As a unicycle commuter, I get groceries using a backpack and my unicycle. The problem is the backpack cannot hold very many groceries and gets sweaty in the summer. I was thinking if a pull behind trailer such as one used for skiing or running would work. I would love all opinions. Do you think it would pull back too much when it goes up hills?
I’ve used this method on packed winter trails to pull my pulk loaded with camping gear.
My system is from SkiPulk. The poles are crossed for better cornering and I also use a chest and hip harness.
Going uphill isn’t a problem at all because you have stability in your forward and backwards pulling. The poles connected to the load provide this.
Now going downhill can be the tricky part.
The extra weight driving you forward and down requires keen attention and a constant drag from your brakes.
A rolling mount is easiest because the momentum of the sled helps to push you up.
Hope this helps.
I’ve attached a wagon to a unicycle with a single bungee cord and it worked wonderfully on uphills and flats, and downhills we’re surprising ok even though the wagon hit the wheel occasionally and tried to pass me. You should be fine with a proper setup like this.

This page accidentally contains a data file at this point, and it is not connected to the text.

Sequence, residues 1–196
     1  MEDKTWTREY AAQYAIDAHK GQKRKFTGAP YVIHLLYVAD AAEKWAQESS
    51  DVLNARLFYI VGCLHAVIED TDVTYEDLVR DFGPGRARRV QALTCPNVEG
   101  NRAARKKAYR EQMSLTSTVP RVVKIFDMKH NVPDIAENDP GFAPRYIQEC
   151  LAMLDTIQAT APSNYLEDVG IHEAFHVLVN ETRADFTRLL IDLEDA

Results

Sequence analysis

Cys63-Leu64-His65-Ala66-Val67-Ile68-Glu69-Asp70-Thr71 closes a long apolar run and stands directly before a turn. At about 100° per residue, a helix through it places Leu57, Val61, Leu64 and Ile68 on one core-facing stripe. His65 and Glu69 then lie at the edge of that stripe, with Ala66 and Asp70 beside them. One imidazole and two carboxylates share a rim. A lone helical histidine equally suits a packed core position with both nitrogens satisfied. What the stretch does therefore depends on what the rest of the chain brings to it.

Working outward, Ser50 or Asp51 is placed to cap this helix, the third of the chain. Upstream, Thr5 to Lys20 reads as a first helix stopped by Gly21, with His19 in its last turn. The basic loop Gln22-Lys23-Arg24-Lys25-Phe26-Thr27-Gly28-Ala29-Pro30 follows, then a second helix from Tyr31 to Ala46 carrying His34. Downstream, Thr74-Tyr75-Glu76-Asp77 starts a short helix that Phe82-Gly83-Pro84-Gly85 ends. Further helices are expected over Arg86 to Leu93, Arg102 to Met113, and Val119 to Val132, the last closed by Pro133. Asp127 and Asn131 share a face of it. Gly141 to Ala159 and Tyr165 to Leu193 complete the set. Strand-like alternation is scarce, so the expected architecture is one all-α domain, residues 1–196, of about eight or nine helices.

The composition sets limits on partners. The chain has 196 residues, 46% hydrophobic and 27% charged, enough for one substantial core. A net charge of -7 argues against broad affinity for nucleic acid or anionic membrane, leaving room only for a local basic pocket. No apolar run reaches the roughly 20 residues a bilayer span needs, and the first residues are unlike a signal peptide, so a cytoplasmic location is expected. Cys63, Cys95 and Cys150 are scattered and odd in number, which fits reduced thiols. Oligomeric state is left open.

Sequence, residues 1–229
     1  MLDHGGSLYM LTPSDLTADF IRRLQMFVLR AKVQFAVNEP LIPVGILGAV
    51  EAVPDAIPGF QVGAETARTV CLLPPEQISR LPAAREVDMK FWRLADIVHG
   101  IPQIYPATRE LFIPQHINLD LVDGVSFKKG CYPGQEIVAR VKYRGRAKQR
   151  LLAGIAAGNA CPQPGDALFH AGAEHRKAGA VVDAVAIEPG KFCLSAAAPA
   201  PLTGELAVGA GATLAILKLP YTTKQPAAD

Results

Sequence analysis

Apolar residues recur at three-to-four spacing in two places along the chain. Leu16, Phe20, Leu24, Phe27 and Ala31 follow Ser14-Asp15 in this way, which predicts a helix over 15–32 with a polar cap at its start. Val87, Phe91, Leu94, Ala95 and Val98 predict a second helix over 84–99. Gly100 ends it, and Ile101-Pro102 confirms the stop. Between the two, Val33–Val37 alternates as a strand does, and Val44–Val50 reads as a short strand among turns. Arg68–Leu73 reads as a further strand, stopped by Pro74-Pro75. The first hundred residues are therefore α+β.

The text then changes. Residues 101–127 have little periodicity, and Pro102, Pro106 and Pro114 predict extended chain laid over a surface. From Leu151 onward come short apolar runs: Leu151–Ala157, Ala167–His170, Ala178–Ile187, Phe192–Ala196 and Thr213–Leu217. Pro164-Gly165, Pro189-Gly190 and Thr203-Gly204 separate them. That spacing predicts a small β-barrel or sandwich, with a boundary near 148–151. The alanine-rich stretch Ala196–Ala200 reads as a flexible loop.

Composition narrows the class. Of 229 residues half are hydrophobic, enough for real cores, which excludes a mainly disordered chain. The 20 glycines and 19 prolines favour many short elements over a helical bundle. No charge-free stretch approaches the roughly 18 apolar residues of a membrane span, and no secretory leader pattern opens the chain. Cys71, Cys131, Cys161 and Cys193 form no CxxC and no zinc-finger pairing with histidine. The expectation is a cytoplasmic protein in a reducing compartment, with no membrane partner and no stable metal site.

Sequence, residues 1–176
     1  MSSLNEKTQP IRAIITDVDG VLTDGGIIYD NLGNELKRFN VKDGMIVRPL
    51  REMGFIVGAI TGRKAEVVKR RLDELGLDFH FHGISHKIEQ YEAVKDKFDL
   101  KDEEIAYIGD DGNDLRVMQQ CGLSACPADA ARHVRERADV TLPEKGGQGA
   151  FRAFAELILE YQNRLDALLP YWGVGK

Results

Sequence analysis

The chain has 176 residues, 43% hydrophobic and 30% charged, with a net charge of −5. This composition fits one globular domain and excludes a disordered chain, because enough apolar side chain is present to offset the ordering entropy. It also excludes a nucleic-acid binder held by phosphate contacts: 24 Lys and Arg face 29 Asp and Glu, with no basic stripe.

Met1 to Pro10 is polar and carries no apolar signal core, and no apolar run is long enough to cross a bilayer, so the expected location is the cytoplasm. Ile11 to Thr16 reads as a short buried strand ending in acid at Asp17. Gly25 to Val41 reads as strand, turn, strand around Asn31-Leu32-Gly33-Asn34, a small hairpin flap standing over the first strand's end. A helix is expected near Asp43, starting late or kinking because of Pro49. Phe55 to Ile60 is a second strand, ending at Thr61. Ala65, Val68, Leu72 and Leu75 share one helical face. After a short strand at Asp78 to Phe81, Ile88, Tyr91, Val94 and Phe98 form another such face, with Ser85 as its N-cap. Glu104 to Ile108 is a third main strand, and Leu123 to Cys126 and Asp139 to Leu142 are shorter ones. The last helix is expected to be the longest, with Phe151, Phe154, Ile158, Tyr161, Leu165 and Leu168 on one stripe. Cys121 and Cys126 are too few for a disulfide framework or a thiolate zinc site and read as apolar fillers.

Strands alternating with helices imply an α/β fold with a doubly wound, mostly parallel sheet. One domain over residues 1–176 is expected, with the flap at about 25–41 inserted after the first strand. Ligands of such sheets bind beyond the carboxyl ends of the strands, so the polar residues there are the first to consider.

I wonder if having a more rigid bar would help so the downhill isn’t having stuff slam into you.
I’ve always been curious what it would be like to attatch something like the Burley Travoi(?) Trailer to a uni for shopping.
I’m personally in the backpack camp myself, but my grocery store is a less than 10 min ride up the road.
So, does ten minutes up the road let little Uni set in the basket or does he/she get left/locked outside? A rigid bar sounds of more control over the load so yes I wonder too.
Mostly I just walk in with it, they have full sized and half sized cart so I just get a cart for the food, drop the backpack in the lower part of the cart and keep a hand on the uni. Much easier with my 24" over my 29".
Also moist shops in my area don’t have issues with me bringing it in which is nice.
The Burley Travoi looks very suited to uni, but it might need a swivel connector for the seat post, or just to loosen the connector slightly to allow for swivel. It is rather expensive, but looks simple enough to throw together out of some fabric and metal tubing. I would definitely pursue something of that nature if I intended to make a habit of using a trailer with uni.
For sure, you’re paying for a highly polished product with the Burley trailer.
I’d be curious to see something similar in style though. It would probably be an easy DIY project.
It looks like it would be pretty uni friendly once you are on but I wonder how your gonna get there. I personally do a static mount from the back and it might be a bit awkward straddling it. Love your opinion on mounting. If so I might consider that instead
@Schwoagara used to use this kind of trailers.
That looks super cool!! What harness are you using? I like the shoulder straps on it!!